|An Overview of Disaster Management (Department of Humanitarian Affairs/United Nations Disaster Relief Office - United Nations Development Programme , 1992, 136 p.)|
|PART THREE: DISASTER RESPONSE|
|Chapter 12. Rehabilitation and reconstruction|
Rehabilitation and reconstruction comprise most of the disaster recovery phase. This period following the emergency phase focuses on activities that enable victims to resume normal, viable lives and means of livelihood. It also includes the restoration of infrastructure, services and the economy in a manner appropriate to long-term needs and defined development objectives. Nevertheless, after some disasters, there also may be a need for continuing humanitarian assistance for selected vulnerable groups.
This chapter provides brief guidelines concerning assistance to rehabilitation and reconstruction following a disaster. Although presented here as a separate chapter, rehabilitation and reconstruction must, in fact, be planned for either at the same time as relief, or built up during the relief operations.
For some agencies it is important to distinguish between rehabilitation and reconstruction. Specifically, rehabilitation is the actions taken in the aftermath of a disaster to enable basic services to resume functioning, assist victims self-help efforts to repair dwellings and community facilities, and facilitate the revival of economic activities (including agriculture).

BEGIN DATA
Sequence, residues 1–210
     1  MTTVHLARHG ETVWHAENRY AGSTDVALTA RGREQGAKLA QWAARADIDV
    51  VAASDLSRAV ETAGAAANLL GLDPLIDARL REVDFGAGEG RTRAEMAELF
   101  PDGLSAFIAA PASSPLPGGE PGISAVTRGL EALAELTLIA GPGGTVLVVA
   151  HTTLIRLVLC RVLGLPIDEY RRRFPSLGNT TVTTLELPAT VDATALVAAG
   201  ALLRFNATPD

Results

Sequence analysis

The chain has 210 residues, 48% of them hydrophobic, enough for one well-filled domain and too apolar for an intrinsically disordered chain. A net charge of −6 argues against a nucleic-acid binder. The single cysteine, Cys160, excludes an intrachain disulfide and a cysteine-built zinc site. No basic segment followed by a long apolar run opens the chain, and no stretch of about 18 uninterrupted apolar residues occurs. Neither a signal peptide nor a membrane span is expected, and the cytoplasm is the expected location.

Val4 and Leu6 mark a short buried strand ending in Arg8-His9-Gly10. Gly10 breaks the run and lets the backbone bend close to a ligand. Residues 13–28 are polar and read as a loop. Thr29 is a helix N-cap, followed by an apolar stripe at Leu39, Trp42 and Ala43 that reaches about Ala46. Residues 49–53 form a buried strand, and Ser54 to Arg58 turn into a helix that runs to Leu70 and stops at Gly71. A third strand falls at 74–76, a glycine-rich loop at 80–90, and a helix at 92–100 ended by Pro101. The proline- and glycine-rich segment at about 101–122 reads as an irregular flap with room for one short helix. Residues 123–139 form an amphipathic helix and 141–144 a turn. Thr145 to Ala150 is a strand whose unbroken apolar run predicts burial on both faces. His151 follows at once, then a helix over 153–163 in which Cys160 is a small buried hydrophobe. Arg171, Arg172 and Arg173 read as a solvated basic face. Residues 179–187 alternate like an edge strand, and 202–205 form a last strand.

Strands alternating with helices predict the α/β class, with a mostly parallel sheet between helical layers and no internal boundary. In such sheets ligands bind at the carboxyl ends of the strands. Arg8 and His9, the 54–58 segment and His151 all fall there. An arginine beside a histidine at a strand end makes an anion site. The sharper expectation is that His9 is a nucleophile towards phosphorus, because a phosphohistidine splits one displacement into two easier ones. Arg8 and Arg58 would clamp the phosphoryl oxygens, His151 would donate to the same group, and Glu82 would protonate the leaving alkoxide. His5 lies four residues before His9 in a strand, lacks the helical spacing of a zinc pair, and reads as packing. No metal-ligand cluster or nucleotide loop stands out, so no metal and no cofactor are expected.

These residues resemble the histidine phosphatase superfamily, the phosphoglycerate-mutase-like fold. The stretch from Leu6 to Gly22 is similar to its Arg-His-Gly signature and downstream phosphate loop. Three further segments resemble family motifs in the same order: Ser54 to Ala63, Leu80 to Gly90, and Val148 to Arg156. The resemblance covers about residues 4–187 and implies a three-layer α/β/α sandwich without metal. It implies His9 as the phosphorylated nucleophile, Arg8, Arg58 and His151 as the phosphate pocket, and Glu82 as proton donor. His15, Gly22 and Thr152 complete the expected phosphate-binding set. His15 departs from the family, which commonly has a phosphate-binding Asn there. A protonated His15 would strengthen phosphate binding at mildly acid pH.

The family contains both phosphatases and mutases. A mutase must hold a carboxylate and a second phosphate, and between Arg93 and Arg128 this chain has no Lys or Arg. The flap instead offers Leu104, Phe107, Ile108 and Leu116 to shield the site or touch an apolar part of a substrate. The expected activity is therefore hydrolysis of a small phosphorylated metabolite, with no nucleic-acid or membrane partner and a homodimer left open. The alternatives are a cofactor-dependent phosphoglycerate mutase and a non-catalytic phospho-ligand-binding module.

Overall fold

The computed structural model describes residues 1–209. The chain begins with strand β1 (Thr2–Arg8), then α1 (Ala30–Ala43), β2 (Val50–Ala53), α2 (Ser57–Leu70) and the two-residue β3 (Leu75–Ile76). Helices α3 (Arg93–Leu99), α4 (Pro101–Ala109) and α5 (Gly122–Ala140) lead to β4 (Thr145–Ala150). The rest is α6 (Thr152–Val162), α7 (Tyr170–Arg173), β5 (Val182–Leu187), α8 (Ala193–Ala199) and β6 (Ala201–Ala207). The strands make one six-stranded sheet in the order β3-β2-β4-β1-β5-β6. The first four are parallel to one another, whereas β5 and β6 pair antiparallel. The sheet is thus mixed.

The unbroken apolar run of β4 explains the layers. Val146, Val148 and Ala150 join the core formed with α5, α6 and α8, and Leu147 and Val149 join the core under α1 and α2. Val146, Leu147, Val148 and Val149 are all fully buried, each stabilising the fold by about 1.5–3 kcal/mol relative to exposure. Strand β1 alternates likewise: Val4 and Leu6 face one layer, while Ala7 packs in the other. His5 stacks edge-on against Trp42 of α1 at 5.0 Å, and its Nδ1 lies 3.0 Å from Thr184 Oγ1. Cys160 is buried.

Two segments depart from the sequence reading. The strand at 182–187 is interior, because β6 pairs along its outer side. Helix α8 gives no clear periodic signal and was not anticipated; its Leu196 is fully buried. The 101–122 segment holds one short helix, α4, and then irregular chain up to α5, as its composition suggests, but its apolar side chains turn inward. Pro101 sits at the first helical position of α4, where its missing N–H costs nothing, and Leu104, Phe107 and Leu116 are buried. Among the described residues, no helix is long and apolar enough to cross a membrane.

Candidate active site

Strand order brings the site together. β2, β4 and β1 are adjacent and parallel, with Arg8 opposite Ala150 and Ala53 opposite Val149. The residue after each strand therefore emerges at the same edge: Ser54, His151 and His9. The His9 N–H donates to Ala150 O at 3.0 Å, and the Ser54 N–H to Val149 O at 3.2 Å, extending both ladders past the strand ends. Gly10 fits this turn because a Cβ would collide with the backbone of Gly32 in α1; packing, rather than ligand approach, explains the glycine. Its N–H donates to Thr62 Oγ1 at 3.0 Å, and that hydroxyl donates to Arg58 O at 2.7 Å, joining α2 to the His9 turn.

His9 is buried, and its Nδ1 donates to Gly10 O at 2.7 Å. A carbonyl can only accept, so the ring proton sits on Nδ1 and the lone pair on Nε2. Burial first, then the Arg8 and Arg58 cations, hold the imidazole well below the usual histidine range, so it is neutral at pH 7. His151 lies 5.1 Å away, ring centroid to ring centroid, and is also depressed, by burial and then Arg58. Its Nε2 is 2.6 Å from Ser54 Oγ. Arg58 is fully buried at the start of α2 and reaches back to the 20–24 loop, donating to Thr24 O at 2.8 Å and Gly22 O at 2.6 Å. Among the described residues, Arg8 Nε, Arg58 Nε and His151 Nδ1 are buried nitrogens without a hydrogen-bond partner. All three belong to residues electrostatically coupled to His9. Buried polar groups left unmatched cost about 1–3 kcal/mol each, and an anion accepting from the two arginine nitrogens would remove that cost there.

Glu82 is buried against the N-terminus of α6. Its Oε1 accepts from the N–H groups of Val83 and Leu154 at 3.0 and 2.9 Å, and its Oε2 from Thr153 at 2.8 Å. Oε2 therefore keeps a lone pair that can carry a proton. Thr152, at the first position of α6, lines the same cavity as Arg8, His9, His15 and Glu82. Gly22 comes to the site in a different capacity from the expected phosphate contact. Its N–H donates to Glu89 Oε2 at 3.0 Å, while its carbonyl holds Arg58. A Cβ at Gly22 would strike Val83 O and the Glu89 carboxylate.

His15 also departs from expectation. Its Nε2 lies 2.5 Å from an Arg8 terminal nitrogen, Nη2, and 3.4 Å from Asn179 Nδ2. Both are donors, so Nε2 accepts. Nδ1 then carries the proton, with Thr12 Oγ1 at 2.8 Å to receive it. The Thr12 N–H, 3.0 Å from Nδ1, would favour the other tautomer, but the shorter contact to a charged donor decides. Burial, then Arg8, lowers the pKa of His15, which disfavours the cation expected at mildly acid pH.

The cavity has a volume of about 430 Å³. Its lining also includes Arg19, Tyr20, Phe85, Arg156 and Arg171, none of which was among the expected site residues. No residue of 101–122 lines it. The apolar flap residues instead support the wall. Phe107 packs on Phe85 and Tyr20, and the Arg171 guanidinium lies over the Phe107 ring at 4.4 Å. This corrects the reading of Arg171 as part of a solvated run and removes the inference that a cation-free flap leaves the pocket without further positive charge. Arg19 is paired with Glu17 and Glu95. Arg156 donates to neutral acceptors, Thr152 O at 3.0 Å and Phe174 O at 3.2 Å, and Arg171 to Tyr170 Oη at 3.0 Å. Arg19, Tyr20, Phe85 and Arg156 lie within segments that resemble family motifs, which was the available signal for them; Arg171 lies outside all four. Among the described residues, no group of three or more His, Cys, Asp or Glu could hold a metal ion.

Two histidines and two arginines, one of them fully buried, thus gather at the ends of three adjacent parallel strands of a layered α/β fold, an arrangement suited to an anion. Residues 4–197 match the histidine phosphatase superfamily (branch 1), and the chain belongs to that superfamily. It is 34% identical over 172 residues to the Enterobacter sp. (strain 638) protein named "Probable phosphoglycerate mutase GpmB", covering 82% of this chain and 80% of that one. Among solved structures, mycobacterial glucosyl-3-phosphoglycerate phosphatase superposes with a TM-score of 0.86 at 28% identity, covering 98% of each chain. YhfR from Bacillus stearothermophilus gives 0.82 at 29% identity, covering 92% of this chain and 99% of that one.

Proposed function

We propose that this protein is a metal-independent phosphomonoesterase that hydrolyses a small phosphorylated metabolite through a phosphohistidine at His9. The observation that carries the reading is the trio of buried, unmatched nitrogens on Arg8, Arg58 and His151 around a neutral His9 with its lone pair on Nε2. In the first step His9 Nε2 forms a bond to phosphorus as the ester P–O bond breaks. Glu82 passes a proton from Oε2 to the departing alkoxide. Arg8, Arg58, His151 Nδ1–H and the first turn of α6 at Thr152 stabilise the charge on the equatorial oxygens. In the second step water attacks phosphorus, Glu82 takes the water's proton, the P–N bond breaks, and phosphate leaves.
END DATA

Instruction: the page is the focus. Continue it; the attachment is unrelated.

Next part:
Rehabilitation focuses on enabling the affected populations (families and local communities) to resume more-or-less normal (pre-disaster) patterns of life. It may be considered as a transitional phase between (i) immediate relief and (ii) more major, long-term reconstruction and the pursuit of ongoing development.
Reconstruction is the permanent construction or replacement of severely damaged physical structures, the full restoration of all services and local infrastructure, and the revitalization of the economy (including agriculture).
Reconstruction must be fully integrated into ongoing long-term development plans, taking account of future disaster risks. It must also consider the possibilities of reducing those risks by the incorporation of appropriate mitigation measures. Damaged structures and services may not necessarily be restored in their previous form or locations. It may include the replacement of any temporary arrangements established as a part of the emergency response or rehabilitation.
Under conditions of conflict, however, rehabilitation and reconstruction may not be feasible. For obvious reasons of safety and security, activities in rehabilitation and reconstruction may need to wait until peace allows them.